absolutely on the viability scan- I have learned over the years that a simple ultrasound or two can go a long way with patients who have had loss (miscarriage or later) or even simply anxeity. I am quite liberal with those! I like the idea of asking a patient if they want to talk about the death of their previous child then or at a future visit- giving choice is great

  4. Two main thoughts: With miscarriage (or infant death in general I suppose), even if there is “something wrong” with the baby that you can prove with genetic testing, no one should ever say, “It’s OK–the baby had a problem anyway.” I’ve noticed a lot of pregnancy books use this kind of logic, and it’s bad. We don’t throw out people or stop caring about them because they’re sick, so why are we supposed to feel better that our baby that died wasn’t perfect, and that caused his death?

    Also, maybe I’m the odd one, but I was horrified and angry that someone from the hospital I didn’t even know called me on my due date to “check up.” It felt like checking boxes and was not an act of compassion. I told this to a nurse friend of mine and she was aghast as well. Maybe if a nurse who had actually attended to me called, it would have been all right, but don’t just assign it to some person whose job is to just “monitor progress” of their less-fortunate mothers.

    • yes- I totally agree! There are many babies that live that have “something wrong with them.” It doesnt invalidate their lives.

      and I feel the same way about strangers calling. I got a call from a nurse employed by my health insurance. I understand why she called, but I didnt know this woman- she couldnt help me! It feels crummy to be just a box to check.

      • I got a call from an OB RN with my insurance company, who wanted to discuss prenatal care ith me. The only problem was that she called three days after my D&C. It wasn’t her fault. She was mortified, and frankly one of the most compassionate people I’ve talked to about my loss. Imagine that… A compassionate person at Humana! She gave me her direct phone number, and sent me a big packet of resources in the mail. She was wonderful.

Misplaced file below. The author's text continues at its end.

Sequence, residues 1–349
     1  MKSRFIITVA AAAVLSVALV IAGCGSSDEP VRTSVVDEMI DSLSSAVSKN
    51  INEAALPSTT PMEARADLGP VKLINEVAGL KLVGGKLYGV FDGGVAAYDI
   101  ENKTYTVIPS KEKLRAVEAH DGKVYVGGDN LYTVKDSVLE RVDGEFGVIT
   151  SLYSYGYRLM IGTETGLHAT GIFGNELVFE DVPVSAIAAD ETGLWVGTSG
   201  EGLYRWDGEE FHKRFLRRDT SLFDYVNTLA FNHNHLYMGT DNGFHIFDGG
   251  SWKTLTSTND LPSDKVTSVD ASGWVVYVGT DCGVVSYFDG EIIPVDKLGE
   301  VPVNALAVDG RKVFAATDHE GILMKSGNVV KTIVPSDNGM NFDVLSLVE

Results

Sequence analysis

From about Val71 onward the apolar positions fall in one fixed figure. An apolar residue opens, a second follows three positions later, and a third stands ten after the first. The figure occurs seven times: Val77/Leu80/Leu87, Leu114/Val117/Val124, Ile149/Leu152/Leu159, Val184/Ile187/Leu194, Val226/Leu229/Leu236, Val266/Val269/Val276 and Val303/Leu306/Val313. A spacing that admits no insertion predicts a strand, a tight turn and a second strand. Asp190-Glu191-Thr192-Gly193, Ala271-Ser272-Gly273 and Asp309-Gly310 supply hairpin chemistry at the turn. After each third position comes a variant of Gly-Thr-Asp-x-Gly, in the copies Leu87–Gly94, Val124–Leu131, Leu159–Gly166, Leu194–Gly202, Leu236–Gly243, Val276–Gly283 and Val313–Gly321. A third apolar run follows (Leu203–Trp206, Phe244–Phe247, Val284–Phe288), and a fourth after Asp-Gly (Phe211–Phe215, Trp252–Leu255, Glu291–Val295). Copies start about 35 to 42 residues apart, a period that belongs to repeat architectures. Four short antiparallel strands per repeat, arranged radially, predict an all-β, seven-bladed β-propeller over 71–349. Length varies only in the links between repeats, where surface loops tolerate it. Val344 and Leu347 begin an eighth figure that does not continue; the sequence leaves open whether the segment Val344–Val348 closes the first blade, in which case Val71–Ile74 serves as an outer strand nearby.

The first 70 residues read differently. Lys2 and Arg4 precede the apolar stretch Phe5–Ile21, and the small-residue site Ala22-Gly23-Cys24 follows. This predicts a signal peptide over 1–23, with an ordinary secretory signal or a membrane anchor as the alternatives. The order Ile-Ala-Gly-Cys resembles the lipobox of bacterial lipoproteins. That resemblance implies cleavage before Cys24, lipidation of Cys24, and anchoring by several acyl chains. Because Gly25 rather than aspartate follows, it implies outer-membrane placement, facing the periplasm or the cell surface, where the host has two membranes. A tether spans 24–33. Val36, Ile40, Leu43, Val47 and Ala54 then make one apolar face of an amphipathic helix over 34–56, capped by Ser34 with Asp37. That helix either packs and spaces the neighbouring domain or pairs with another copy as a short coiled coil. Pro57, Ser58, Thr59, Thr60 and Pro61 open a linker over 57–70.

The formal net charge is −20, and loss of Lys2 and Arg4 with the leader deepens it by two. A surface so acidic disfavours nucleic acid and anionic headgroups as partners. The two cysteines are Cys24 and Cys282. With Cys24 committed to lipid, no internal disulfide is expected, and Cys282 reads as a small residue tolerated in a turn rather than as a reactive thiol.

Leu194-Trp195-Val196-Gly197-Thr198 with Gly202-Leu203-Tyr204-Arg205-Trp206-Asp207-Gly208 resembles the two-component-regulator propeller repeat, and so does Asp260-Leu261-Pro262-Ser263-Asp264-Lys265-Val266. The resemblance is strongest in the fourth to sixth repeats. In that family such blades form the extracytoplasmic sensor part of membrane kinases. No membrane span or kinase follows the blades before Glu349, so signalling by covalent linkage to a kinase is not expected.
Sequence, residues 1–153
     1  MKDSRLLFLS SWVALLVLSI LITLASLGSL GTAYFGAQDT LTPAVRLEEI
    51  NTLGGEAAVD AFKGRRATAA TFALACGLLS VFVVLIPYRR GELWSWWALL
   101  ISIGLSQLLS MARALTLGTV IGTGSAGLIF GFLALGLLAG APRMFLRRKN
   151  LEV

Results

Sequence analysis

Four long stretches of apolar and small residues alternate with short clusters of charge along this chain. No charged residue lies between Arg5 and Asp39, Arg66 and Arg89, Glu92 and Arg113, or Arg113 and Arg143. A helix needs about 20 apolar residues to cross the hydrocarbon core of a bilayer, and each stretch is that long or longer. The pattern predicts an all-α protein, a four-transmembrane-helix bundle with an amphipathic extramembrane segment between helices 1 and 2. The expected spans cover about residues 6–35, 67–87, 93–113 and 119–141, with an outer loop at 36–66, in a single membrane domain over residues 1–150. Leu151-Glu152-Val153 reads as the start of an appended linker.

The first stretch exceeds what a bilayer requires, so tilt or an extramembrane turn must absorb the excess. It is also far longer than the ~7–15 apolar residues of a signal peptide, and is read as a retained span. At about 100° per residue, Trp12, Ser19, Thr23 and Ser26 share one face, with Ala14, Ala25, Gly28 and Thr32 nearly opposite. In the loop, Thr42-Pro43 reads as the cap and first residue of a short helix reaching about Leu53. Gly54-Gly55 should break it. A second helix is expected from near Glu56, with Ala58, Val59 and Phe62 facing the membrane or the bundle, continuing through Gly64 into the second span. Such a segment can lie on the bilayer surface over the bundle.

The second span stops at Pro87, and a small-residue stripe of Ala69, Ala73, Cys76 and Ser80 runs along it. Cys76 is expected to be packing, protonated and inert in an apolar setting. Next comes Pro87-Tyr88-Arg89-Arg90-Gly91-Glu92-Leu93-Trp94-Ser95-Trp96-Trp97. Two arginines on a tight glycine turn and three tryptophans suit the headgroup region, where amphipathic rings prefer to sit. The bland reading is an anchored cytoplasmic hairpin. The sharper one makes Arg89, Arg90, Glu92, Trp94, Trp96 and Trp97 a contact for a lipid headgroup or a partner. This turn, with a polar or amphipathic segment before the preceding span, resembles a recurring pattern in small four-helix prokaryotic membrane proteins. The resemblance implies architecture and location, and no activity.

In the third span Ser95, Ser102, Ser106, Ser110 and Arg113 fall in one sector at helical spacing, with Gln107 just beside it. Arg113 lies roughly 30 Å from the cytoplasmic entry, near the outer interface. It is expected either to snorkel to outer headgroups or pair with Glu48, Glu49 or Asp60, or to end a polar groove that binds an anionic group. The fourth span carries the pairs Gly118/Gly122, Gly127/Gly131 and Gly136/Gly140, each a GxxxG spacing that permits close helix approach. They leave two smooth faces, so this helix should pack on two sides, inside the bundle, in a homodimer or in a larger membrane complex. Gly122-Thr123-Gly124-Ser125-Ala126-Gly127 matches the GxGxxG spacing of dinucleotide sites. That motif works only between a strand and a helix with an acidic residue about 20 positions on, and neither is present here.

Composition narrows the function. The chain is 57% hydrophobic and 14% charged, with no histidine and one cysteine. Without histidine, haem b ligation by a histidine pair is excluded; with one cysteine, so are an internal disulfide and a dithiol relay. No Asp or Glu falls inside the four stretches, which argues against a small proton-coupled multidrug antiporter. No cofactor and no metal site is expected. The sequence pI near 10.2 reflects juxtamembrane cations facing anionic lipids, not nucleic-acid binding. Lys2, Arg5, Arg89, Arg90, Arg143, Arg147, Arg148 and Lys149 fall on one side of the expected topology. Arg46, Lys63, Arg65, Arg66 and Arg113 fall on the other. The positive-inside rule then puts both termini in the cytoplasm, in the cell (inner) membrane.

It did highlight a flaw in their system, though. When my D&C was authorized, I should have been removed from the OB call list. She made it clear with her compassion that I was a person to her, but Humana’s process made it clear that I was a box to be checked to them. Teehee. A “box” to be checked. Sorry, couldn’t help myself…

      • wow, I’m so impressed with that nurse and so appalled by the system! Funny how that works with insurance. When I tried to see a fertility doc a few months after losing Mabel, they surely knew I had had a baby recently so couldnt possibly have been trying for more than a year! they knew that, but they couldnt see your D&C?? jeez!

  5. You are so brave for doing this. I hope the students learn and remember something.
    For prematurity, discuss expectations, treatment options, etc. – I guess this is done already, probably by a neonatologist.
    Encourage parents to hold, kiss, love, bathe their baby. I’m glad (if that can ever be the right word in this context) to have read babyloss blogs long before the twins were born. Otherwise I might have hesitated much more. (Or not, who knows. We did have lovely and supportive nurses).
    If you’re uncomfortable handling a dead baby, please ask one of your colleagues to take over. This was our only negative experience with the staff – and it felt awful to have someone reject our precious babies. Remember that these parents need your care, support, love perhaps more than anyone else on the floor.
    I’m not sure about calling, but our hospital sent a card for A&C’s first birthday, which I thought was lovely.

    • oh yes, such good thoughts. Dare I say, role model how to hold a dead baby? parents need to know it’s ok- that the bay is still a baby, a real one. providers should hold the babies as if they are their own and living. to have someone reject your babies feels so awful on top of awful!

      I agree- a card can mean so much (especially if its from distant people, not those who worked closely with you).